Percy Jones Army Hospital Opened, February 21, 1943
Earlier this week we noted the day that the famous Battle Creek Sanitarium burned to the ground. It was February 18th, 1902. It was rebuilt the next year, and continued to be world famous, until the depression came along. The stock market crash of 1929 came just a year after the big tower addition at the Sanitarium. The timing of it was too much.
In 1942, the U. S. Army bought the buildings at 74 North Washington Avenue and established the Percy Jones General Hospital. Percy Jones was an army surgeon whose thirty-year career included commanding ambulance units during World War I.
Percy Jones Hospital was formally dedicated on February 21st, 1943. It had 1500 beds. During WWII, the whole military-medical complex eventually grew to include a unit at Fort Custer and R & R station at W K Kellogg’s manor house at Gull Lake.
The hospital was a major influence in Battle Creek as soldiers from all over the country were sent there to recover. The hospital specialized in neurosurgery, plastic surgery and the fitting of artificial limbs. Many underwent long-term hospitalizations for orthopedic injuries or burns. Some families moved to Battle Creek to be near sons or husbands. Many remained here after their discharge. Approximately 100,000 military patients were treated at the hospital before it closed permanently in 1953.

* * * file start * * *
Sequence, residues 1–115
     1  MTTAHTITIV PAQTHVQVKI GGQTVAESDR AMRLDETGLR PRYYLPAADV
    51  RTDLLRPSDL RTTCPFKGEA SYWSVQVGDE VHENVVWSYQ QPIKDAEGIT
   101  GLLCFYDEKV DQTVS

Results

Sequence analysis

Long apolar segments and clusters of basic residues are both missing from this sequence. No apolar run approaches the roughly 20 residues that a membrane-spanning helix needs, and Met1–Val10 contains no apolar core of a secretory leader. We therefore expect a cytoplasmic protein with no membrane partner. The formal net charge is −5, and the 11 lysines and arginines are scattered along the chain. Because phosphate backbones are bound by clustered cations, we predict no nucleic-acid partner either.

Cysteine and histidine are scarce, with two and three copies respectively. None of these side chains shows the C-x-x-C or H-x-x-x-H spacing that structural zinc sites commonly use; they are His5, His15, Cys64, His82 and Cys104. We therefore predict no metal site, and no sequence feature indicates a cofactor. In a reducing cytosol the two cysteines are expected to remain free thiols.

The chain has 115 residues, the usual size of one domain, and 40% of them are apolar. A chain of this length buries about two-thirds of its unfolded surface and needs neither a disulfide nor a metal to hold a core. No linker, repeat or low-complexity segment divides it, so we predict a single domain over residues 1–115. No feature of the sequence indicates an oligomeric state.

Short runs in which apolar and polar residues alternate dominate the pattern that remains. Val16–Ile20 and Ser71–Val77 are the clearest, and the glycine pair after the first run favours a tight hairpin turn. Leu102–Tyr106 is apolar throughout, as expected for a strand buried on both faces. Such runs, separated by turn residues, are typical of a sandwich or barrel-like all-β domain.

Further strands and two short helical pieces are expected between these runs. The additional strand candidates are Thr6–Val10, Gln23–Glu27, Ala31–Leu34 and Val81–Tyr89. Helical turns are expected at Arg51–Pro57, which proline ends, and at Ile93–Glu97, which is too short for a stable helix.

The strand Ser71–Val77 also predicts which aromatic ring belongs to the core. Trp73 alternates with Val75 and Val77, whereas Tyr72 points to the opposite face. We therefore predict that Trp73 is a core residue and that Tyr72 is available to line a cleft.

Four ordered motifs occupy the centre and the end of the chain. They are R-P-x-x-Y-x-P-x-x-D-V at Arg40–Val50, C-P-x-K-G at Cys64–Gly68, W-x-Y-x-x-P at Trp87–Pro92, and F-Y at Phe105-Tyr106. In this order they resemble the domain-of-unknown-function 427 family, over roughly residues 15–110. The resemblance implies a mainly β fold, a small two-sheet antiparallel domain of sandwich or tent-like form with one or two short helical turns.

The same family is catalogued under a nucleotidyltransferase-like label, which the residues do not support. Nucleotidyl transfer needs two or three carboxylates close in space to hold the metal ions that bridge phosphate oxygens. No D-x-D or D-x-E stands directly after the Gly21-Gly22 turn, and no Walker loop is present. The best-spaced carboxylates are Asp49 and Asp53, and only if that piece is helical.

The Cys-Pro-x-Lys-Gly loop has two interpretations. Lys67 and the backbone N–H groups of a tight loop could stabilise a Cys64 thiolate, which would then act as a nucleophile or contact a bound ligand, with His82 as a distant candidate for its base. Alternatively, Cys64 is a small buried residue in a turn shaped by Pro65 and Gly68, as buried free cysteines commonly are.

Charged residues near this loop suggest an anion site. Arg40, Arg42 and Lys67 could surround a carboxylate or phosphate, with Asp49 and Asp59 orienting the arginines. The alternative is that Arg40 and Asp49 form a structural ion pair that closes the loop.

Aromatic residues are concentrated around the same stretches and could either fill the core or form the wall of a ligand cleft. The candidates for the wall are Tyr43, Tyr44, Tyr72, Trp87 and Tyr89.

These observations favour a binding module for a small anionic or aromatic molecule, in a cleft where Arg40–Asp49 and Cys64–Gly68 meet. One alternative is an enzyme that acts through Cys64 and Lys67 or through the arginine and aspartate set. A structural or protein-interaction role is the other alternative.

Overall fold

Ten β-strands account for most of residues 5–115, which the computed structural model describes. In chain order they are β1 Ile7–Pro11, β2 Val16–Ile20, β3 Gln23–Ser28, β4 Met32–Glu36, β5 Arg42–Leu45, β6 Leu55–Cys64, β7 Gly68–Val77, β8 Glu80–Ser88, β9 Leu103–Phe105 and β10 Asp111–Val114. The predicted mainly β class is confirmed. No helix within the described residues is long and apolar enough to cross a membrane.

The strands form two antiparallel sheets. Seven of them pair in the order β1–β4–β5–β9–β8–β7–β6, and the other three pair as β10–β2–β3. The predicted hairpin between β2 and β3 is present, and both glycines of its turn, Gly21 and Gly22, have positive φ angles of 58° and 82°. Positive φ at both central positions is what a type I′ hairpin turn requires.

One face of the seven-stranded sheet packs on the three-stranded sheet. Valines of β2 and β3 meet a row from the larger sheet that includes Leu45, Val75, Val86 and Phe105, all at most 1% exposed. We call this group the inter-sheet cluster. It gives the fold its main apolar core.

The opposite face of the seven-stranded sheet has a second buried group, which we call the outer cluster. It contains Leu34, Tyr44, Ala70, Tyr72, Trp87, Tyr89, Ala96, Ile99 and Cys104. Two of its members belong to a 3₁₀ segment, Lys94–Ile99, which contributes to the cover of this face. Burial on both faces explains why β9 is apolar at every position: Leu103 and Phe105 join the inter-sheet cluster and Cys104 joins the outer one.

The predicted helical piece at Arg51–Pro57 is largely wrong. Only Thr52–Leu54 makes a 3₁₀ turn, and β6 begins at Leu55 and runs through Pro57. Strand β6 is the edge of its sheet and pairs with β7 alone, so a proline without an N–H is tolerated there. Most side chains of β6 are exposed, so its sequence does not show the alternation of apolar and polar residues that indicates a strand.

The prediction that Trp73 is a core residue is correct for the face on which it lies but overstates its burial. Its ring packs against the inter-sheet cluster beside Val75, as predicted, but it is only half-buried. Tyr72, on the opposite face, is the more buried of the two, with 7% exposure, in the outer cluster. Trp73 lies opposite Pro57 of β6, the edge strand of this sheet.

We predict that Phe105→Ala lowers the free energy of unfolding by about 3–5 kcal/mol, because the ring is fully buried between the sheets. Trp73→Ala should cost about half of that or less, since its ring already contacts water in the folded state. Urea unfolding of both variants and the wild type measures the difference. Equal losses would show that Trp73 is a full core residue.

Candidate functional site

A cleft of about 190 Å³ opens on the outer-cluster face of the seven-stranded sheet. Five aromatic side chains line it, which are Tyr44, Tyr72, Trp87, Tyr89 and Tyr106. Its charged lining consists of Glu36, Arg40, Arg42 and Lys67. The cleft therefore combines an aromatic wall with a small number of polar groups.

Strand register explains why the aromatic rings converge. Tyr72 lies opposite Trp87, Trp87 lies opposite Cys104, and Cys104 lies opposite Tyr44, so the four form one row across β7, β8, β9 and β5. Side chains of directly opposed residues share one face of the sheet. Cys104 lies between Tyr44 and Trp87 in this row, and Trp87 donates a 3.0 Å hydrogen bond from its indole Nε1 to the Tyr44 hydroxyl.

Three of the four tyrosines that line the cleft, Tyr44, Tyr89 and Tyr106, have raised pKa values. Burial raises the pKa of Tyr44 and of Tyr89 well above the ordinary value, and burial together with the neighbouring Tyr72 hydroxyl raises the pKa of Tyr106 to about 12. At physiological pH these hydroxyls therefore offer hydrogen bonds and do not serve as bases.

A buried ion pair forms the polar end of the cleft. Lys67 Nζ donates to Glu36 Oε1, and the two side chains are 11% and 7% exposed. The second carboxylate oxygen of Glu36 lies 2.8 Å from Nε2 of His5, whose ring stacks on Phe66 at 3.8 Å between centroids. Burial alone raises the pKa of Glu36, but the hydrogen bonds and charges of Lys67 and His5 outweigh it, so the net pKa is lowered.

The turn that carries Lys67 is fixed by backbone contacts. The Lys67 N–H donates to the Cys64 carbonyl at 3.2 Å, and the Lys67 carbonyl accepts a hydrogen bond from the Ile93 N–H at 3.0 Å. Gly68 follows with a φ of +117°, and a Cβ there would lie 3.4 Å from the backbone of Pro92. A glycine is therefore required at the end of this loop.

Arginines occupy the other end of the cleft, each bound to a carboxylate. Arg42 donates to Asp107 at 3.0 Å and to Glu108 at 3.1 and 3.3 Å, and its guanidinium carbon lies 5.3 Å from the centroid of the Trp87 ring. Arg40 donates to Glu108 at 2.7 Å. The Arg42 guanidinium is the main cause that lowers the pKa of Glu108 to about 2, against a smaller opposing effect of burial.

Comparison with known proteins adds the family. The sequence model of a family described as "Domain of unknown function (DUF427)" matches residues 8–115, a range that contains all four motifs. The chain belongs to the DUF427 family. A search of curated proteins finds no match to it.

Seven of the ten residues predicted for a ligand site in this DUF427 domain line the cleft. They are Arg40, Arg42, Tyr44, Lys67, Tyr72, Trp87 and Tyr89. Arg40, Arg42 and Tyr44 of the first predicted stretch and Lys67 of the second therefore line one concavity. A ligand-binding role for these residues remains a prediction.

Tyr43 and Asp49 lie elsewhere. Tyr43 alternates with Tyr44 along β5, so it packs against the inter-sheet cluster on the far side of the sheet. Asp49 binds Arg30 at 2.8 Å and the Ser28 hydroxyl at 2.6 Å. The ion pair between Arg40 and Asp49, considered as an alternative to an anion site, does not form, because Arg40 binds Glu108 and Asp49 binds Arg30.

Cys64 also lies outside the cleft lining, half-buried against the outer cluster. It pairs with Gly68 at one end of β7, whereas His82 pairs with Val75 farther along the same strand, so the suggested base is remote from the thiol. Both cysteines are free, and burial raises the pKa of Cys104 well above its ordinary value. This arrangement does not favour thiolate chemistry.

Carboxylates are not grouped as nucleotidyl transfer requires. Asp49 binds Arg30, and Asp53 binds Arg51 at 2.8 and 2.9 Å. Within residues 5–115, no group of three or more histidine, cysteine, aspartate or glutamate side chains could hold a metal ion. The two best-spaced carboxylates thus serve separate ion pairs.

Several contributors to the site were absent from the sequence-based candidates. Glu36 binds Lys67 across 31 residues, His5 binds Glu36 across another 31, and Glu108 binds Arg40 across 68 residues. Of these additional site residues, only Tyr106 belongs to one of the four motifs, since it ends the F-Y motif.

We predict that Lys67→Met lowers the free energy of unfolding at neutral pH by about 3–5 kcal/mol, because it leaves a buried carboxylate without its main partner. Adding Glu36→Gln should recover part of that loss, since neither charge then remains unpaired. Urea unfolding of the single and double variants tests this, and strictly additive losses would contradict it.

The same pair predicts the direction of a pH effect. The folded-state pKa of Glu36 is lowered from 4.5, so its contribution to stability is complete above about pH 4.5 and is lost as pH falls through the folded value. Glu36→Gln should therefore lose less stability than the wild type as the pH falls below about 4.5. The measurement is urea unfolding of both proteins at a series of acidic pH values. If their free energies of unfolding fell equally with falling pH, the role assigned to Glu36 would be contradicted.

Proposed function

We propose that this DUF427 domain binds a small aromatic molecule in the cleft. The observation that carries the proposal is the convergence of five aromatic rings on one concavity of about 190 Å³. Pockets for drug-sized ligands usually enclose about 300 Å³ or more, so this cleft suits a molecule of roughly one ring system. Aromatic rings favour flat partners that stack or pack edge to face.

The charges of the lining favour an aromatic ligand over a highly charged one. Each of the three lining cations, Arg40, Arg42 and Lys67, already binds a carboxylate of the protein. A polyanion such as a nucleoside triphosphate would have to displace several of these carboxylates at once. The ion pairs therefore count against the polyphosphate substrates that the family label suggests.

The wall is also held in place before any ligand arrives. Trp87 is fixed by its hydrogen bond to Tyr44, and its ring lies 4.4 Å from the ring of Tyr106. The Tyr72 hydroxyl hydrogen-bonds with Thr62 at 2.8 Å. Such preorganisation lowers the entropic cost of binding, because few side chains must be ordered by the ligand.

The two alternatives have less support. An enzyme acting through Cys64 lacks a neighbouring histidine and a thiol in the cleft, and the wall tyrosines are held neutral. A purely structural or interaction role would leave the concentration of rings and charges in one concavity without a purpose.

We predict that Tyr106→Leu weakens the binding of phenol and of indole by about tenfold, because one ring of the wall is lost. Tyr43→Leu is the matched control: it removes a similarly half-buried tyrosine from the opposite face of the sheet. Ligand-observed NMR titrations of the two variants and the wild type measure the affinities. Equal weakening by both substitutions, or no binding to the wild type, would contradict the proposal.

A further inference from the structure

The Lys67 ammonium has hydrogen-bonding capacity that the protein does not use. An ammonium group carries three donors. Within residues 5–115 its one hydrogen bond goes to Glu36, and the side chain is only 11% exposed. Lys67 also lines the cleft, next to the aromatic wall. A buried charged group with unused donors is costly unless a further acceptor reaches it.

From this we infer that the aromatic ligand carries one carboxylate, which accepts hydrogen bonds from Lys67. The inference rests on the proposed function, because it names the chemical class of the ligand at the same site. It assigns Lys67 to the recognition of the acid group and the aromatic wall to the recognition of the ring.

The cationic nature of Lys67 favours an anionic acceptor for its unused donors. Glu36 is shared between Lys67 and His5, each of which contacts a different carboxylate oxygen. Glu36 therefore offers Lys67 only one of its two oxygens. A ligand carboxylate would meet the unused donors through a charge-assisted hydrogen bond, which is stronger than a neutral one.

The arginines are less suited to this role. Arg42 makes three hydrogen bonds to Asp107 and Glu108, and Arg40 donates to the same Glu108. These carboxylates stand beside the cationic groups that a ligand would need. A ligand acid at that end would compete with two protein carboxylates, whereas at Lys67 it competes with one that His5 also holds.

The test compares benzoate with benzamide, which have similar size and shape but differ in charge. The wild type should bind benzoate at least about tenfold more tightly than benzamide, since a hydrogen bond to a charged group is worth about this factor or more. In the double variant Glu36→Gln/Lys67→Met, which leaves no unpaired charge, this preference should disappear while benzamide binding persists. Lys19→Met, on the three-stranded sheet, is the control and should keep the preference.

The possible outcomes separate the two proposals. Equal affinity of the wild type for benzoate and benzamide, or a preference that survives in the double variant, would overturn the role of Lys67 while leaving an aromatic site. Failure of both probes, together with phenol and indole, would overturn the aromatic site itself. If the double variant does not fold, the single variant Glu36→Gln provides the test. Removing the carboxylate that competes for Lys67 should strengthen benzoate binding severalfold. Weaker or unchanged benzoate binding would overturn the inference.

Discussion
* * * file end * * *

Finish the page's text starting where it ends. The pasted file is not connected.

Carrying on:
In 1954 the building became the Battle Creek Federal Center. In 2003, the building was re-dedicated as the Hart-Dole-Inouye Federal Center in honor of three U.S. senators who had met as wounded servicemen while they were being treated there during the war. Michigan Senator Philip Hart had been wounded during the Normandy Landings at Utah Beach on D-Day. Hart died in 1976, but the other two attended the re-dedication ceremonies. Bob Dole of Kansas, who was wounded in combat over Italy, and Daniel Inouye of Hawaii, who had been wounded while engaged in combat in Italy spoke in front of the building.